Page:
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Casi clinici

Pathos 2016; 23; 2. Online 2016, Sep 6
Craniofacial pain and high frequency stimulation
Dolore cranio faciale e neurostimolazione ad alta frequenza
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Alfonso Papa, Maria Teresa Di Dato, Pietro Buonavolontà, Dario Tammaro,
Andrea Pironti, Elisabetta Saracco, Maurizio Ferrara, Antonio Corcione
 Dipartimento Area Critica- UOSD Terapia del Dolore AO dei Colli-V. Monaldi, Napoli
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Summary Neuromodulation is a treatment modality that shows promise and so far case reports have used peripheral approaches to the trigeminal ganglion and its branches. We describe the use of high frequency spinal cord stimulation at the cervical spine as a novel approach to management of refractory trigeminal neuralgia.
We have enrolled 3 patients,  suffering from trigeminal neuralgia involving the first branch of nerve. All the patients had been implanted with one octopolar electrode such that the stimulating contacts were placed at the C2-C3 vertebral level; electrodes had been connected to an external trial lead extension, which was removed at the end of the trial with subsequent implantation of the definitive IPG.
All the patients completed trial period with successful implantation because pain relief was about 70%. All the patients decreased analgesics consumption, especially for opioids.The application of electrical pulses directly onto the dorsal columns at the C2-C3 vertebral level provide a neuromodulatory effect on the Trigemino-Cervical Complex (TCC) greater than peripheral trigeminal branches stimulation.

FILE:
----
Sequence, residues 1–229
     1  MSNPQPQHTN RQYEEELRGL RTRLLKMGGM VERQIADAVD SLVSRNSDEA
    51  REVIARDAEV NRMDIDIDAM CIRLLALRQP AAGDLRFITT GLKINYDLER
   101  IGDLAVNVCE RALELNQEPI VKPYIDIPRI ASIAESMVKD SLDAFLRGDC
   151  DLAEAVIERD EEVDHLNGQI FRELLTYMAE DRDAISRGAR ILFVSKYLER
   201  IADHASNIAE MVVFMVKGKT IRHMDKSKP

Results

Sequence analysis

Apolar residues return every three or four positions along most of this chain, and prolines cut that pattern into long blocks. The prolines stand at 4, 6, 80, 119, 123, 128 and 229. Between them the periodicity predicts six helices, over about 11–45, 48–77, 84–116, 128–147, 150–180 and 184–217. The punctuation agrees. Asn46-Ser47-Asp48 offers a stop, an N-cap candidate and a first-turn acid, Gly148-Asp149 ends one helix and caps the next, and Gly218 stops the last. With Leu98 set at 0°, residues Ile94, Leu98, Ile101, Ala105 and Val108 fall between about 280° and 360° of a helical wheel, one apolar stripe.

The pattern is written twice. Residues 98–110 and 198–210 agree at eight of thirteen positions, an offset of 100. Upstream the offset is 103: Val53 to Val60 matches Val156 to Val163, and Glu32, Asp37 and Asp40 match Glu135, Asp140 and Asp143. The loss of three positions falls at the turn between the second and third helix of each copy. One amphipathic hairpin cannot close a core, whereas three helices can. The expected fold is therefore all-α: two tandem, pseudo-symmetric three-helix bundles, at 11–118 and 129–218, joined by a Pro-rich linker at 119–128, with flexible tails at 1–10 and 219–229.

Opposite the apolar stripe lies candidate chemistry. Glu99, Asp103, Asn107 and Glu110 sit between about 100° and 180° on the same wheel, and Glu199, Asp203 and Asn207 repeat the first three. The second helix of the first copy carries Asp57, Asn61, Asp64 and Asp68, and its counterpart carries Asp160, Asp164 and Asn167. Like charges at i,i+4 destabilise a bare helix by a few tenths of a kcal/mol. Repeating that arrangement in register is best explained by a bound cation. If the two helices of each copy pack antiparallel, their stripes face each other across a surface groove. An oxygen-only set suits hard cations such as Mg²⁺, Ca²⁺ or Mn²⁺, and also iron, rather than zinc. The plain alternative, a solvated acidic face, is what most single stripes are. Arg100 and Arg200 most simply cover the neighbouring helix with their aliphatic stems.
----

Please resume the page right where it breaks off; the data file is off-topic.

Riassunto La neurostimolazione è un trattamento moderno ed estremamente promettente; numerosi approcci periferici sono stati sinora applicati al trigemino e alle sue branche. Di seguito si descrive la neurostimolazione midollare ad alta frequenza come tecnica moderna di approccio al trattamento della nevralgia del trigemino refrattaria.
Abbiamo arruolato 3 pazienti, affetti da nevralgia della prima branca del  nervo. Tutti i pazienti sono stati sottoposti ad impianto di un elettrodo ottopolare con posizionamento dei contatti stimolanti a livello vertebrale C2-C3; gli elettrodi sono stati connessi ad un’ estensione esterna di prova, rimossa alla fine del periodo di prova con conseguente impianto dell’IPG definitivo.
Tutti i pazienti hanno completato il periodo di prova con impianto definitivo, per riduzione del dolore di circa il 70%. Tutti i pazienti hanno ridotto il consumo di analgesici, soprattutto oppioidi. L’applicazione di impulsi elettrici direttamente a livello della colonna dorsale, a C2-C3, esplica un effetto di neuro modulazione sul Complesso Trigemino-Cervicale (TCC) maggiore della stimolazione periferica delle branche del trigemino.
Key words Chronic pain, Neuromodulation, High Frequency Stimulation, Trigeminal Neuralgia, trigemino-cervical complex (TCC)
Parole chiave Dolore cronico, Neuromodulazione, Stimolazione ad Alta Frequenza, Nevralgia Trigeminale, Nucleo trigemino-cervicale (TCC)

Introduction
Craniofacial pain, including trigeminal neuralgia, trigeminal neuropathic pain, and persistent idiopathic facial pain, is difficult to treat and can have severe implications for suffering in patients afflicted with these conditions. In recent years, clinicians have moved beyond treating solely with pharmacological therapies, which are generally not very effective, and focused on new interventional pain procedures.1-3